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Report calls for legislation on Lisbon Agenda

A report by the Stockholm Network, a European think tank, has recommended that specific EU legislation be put in place to monitor progress on the Lisbon Agenda and provide more measurable goals and timelines. It also calls for the European Research Area (ERA) to be placed furt...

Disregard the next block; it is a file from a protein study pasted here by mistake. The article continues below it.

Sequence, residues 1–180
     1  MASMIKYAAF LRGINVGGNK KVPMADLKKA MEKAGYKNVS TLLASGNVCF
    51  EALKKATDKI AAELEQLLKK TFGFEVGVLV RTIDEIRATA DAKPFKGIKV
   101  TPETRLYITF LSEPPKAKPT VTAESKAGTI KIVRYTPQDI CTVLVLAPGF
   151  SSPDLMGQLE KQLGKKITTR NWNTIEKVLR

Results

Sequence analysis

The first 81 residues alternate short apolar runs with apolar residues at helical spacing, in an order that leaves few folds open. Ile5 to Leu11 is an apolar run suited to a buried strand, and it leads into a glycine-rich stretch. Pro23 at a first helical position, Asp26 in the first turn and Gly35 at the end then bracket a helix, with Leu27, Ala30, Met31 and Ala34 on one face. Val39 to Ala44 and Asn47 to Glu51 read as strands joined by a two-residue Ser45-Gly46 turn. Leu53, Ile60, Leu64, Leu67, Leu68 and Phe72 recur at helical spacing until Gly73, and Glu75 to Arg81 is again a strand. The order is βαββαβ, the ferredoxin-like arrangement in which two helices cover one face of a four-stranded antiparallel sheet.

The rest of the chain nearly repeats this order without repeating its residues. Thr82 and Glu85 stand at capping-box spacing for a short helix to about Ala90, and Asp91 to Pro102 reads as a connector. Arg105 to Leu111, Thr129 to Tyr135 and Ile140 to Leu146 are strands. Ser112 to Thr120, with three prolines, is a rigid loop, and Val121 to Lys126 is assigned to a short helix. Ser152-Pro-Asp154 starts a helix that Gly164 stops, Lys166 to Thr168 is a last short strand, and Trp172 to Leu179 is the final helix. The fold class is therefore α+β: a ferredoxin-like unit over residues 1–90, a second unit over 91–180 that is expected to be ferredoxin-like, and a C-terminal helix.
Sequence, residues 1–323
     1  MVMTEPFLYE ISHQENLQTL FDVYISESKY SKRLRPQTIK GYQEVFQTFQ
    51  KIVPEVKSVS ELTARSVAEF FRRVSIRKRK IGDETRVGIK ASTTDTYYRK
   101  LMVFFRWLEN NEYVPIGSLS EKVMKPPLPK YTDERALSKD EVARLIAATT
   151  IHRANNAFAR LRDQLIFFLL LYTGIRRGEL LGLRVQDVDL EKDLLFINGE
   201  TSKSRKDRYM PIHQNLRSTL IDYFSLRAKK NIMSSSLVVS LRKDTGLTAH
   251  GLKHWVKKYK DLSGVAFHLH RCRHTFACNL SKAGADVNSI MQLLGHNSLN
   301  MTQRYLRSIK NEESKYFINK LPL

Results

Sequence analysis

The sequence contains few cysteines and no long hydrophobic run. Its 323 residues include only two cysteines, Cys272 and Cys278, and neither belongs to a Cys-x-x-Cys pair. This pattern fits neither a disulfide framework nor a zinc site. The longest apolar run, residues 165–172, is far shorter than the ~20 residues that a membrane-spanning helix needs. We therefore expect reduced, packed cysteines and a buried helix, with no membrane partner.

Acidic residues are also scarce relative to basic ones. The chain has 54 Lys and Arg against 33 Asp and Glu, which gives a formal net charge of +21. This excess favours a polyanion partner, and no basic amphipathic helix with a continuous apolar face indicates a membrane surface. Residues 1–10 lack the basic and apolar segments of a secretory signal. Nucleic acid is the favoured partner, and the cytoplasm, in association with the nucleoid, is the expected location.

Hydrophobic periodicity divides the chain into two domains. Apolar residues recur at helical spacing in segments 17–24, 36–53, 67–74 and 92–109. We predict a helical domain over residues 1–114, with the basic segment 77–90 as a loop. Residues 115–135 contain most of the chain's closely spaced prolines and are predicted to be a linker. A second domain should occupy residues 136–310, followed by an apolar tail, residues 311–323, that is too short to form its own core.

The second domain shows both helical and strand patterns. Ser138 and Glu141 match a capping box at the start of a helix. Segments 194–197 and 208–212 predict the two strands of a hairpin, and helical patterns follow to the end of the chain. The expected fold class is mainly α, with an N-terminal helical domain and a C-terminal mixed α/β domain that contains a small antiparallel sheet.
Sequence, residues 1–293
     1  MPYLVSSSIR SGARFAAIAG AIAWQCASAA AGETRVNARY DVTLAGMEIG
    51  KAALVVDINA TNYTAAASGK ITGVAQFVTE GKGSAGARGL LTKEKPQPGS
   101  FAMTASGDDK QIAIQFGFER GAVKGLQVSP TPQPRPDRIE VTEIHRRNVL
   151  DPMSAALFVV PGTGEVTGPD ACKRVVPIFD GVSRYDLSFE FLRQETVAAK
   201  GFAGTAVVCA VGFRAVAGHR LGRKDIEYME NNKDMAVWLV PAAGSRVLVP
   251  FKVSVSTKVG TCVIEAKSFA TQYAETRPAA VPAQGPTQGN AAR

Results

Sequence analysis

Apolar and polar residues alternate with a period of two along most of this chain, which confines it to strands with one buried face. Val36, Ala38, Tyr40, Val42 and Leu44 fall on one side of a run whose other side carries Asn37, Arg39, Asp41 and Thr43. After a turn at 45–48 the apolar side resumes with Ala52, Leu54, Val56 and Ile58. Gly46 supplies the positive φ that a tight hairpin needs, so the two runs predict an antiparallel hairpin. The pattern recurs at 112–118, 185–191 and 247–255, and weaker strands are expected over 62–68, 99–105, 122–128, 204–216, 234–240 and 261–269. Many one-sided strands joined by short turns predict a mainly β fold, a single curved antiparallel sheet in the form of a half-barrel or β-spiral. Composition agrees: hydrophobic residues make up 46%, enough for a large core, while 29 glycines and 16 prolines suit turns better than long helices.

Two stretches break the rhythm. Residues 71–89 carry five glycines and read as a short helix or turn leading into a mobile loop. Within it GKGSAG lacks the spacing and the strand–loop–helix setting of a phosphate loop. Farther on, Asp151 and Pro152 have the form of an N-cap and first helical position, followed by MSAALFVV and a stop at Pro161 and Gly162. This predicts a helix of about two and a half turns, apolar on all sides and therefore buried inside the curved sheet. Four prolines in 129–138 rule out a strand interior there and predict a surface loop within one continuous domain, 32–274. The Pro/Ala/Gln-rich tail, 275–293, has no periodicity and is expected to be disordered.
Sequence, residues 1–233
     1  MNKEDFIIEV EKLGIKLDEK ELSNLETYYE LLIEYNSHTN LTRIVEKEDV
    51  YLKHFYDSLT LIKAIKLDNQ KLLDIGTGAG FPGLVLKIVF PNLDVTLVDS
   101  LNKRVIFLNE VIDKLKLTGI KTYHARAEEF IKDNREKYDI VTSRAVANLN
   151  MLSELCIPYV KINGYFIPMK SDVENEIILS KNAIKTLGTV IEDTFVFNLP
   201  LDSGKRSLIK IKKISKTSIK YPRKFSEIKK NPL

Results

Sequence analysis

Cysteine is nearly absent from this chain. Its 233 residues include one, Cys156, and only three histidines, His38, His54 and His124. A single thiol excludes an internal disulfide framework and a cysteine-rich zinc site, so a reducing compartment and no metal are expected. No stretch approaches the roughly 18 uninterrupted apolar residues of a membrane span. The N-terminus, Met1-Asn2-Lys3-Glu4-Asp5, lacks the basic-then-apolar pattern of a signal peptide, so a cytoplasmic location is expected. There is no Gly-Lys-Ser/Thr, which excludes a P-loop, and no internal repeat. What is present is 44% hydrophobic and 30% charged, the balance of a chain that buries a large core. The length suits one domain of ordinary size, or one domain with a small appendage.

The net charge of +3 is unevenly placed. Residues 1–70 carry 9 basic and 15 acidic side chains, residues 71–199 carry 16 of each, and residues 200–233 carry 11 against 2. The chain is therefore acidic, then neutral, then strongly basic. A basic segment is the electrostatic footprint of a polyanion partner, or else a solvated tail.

A report by the Stockholm Network, a European think tank, has recommended that specific EU legislation be put in place to monitor progress on the Lisbon Agenda and provide more measurable goals and timelines. It also calls for the European Research Area (ERA) to be placed further up on the political agenda, and for the harmonisation of the European patent system. The report provides an overview of EU policies and practices in innovation, research, intellectual property and competition. These are areas which are considered key to reaching the strategic goal of the Lisbon Agenda of becoming the most competitive and dynamic knowledge-based economy in the world by 2010. While recognising the 2010 objective as a laudable ambition, the authors of the report suggest the EU may have bitten off more than it can chew. They argue that the objectives of creating an information society for all, an ERA, and an environment friendly for starting up innovative businesses have yet to be secured. To make inroads on these targets, the report recommends introducing a specific 'Lisbon Directive' which 'would expedite major changes essential for the implementation of the Lisbon Agenda'. The legislation should seek to narrow the scope of the original text, focusing on areas of strategic importance that have a feasible chance of being accepted politically by the Member States. These could include areas such as intellectual property, public-private cooperation, use of publicly-funded research and supporting small to medium-sized enterprises (SMEs). Providing clearly defined short and medium-term deliverables and concrete timelines that do not exceed three years would be factored into the proposed legislation. 'Although the Lisbon Agenda was designed to improve the EU's innovation performance over a decade, there is a dire need to more accurately define the timeline for completion of each deliverable. This way the textual statements can be translated into practical commitments,' write the authors of the report. The report also makes recommendations on some of the strategic goals of the Agenda. On the ERA, it calls for renewed political support in increasing the level of investment in research and development (R&D). While welcoming the increased support provided within the Seventh Framework Programme (FP7), the authors argue that 'when the push comes to shove resources are still disproportionably allocated to other areas that arguably are less valuable to EU citizens in terms of the contribution to the economy and to society.' The only way to reach the Barcelona objective of increasing investment in research to 3% of GDP by 2010, it argues, is to 'put the issue of R&D side by side with other political issues such as the Common Agriculture Policy. It is important to make EU policy makers and politicians accountable for their current choice to under-invest in the ERA.' On commercialising research outputs, the report notes that there are considerable differences between EU Members States in terms of legal tools, structural mechanisms and cultural perceptions. It recommends the introduction of new pan-European legislation that seeks to level the playing field among Member States, as well as the creation of a more supportive environment for knowledge exploitation and technology transfer activities. To increase public-private collaboration in the ERA, the report welcomes the establishment of European Technology Platforms, but calls on policymakers to make use of the mechanisms available for closer cooperation under Article 171 of the EC Treaty. On the issue of harmonising the EU patent system, another strategic goal of the Lisbon Agenda, the report renews calls for the adoption and unilateral implementation of the London Agreement and the European Paten Litigation Agreement. This would provide the legal instruments necessary to improve the EU system until such time as a consensus can be reached on a Community patent. Other recommendations on the patent system include cutting red tape and establishing a fast track for SME applications, provisions for costs and further developing the idea of patent insurance as a means of protecting SMEs' rights.